Politics and Government – What is the Christian’s role?

So, if we are not meant to simply apply the Old Testament Laws that applied to the Nation of Israel to modern day states, what is the interaction between Church and State, Christians and politics, the Bible and Government.

I want to suggest 3 ways that we can engage.

1.       First and foremost, our responsibility as churches is to preach the Gospel. The reality is that no political solution is ever going to truly deal with the problems that our world faces. That’s because the root cause of every trouble in our world is Sin. When Jesus came to earth, his objective was not to set up a system of government. He specifically came to die in our place for our sin and rise so that we can know new and eternal life with him. When political parties rise and fall, when policies succeed for a time and then fail, our responsibility is to keep pointing people to the sure and certain hope they have in Jesus. This includes pointing people forward to the day when Christ will return to judge and all sin, sickness and suffering will be banished for ever.

2.       Secondly, God’s people live as an alternative community in the midst of society. We are to be in the World but not of it. Indeed, this is what Israel was meant to do before Christ. As a nation, she was meant to be different from the nations around her. We do this when we live by God’s values. This means that people should see in the Church a community characterised by love and humility.  It means that we should model servant hearted leadership instead of seeking power for personal gain. It means that our gatherings should be places of welcome. It means that those who are weak, vulnerable and poor should be looked after. It means that people from every class and ethnicity should all be one in Christ Jesus. People should be able to see that what we believe affects how we live. The message should be that God’s Grace makes this possible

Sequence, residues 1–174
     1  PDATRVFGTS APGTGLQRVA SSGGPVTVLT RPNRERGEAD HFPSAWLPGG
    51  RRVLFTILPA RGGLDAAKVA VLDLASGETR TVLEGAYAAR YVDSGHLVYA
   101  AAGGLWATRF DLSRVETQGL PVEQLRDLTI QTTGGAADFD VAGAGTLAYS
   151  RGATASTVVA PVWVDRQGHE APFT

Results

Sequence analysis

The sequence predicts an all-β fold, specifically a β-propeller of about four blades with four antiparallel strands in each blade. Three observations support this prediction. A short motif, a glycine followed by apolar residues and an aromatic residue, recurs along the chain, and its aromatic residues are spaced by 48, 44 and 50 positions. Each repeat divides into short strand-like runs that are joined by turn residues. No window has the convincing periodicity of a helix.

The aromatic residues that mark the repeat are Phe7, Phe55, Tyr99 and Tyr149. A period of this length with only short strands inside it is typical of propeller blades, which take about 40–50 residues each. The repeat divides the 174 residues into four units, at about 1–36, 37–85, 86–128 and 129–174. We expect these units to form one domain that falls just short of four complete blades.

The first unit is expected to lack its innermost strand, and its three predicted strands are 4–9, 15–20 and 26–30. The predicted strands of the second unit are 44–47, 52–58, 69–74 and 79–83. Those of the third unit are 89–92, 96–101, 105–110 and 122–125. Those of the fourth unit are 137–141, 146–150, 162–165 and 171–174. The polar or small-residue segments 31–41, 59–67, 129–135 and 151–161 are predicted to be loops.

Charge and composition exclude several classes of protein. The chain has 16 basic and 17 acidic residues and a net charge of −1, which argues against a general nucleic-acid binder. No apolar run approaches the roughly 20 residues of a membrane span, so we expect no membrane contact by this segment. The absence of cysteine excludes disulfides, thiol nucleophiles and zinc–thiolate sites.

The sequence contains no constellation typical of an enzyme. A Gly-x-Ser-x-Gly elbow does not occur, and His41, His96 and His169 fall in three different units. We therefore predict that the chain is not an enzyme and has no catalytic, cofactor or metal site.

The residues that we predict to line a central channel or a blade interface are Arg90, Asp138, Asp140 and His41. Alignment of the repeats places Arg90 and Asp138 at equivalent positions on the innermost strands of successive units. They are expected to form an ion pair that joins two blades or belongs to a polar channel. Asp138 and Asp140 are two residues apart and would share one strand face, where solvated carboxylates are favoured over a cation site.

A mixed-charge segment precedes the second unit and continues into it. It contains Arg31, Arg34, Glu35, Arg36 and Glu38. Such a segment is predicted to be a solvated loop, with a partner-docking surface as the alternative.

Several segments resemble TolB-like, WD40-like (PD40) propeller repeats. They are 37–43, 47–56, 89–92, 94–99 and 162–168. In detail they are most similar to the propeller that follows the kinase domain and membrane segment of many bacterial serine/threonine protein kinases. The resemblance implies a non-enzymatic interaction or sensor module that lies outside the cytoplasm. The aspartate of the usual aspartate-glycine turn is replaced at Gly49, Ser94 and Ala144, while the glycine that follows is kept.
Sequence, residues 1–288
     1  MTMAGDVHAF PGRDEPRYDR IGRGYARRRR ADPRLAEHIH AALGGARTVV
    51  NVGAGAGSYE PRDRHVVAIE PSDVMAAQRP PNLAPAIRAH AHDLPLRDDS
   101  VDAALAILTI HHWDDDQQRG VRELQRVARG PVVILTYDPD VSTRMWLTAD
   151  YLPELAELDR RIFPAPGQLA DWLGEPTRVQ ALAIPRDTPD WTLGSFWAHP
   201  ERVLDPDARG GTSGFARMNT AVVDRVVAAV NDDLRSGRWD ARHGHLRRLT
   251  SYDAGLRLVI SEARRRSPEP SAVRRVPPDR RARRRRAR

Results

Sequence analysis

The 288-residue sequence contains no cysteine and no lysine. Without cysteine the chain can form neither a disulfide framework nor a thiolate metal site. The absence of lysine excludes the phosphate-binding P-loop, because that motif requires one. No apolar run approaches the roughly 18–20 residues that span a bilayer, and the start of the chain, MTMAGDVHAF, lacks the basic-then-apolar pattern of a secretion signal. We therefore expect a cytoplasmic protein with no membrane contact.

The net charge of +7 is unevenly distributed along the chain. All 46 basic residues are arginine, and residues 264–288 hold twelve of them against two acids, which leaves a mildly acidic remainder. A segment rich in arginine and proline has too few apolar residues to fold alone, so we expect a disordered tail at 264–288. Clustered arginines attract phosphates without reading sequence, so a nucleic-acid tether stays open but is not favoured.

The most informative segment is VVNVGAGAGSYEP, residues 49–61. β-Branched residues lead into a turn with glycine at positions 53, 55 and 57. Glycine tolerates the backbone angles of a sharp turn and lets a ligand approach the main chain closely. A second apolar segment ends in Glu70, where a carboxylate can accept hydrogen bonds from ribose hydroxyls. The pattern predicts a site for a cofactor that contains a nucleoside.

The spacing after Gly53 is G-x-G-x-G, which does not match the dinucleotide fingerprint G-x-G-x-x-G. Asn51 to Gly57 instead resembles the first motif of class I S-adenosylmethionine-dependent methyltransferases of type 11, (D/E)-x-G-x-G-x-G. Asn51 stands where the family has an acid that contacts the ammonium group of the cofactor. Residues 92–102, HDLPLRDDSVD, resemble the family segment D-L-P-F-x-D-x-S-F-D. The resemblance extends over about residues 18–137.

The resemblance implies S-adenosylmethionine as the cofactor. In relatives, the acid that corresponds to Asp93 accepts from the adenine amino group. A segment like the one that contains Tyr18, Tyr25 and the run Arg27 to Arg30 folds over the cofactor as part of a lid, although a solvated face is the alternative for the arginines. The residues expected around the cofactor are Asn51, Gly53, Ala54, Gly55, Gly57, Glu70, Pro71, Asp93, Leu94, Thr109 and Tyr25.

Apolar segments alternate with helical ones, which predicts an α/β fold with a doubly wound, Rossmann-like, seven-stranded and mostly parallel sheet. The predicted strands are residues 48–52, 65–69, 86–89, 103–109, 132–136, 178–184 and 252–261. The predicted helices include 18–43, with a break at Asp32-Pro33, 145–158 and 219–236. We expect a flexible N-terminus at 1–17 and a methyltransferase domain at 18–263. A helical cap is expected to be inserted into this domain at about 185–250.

Past grace -we have been saved by grace for works of service.  We live differently in response to being forgiven.

          Present Grace – we have the Holy Spirit in us and He enables us to live differently to this World’s values

          Future Grace – we look forward to Christ’s return and our “alternative communities” should start, even imperfectly, to give a little foretaste of what life will be like when he returns.

3.       Because we are in, but not of this World, we are called to live as good citizens. Our concern to see truth and justice is an act of neighbourliness.  Whilst the Covenants, Laws and Institutions of the Old Testament were intended for the nation of Israel, they still reflect God’s character and priorities. They are good things. Here are some examples of the good things that the Bible gives us

          It forbids theft, violence and murder. People are valued and protected.

          It expresses concern for the vulnerable including the poor, widows, immigrants and even the unborn child

          It encourages honesty and integrity in business transactions

          It values faithfulness particularly in the family. This is both between husbands and wives and between parents and children.

Whilst we may not be expected to try and enact the Old Testament as is and whilst some things may not be appropriate to a modern context in practice, these principles are good underlying values and when acted on provide examples of common grace. We are good citizens when we speak, vote and act in favour of these things.  It is right then to participate in the life of the society in which we find ourselves. For most of us this will primarily be through

          Voting

          Writing to our councillors and MPs

          Participating in positive aspects of community life

For some, there will be the opportunity to participate by standing for election or being appointed to public office. There are great examples of role models who did this in the Bible, even when they were serving rulers who did not follow the True and Living God. Two particular examples of this are Joseph in Egypt and Daniel in Babylon.

We also participate by taking time to pray for our leaders -both those we agree with and those we disagree with. Finally, we obviously participate when we are obedient to the Law in so far as it does not go against God’s Law.

 

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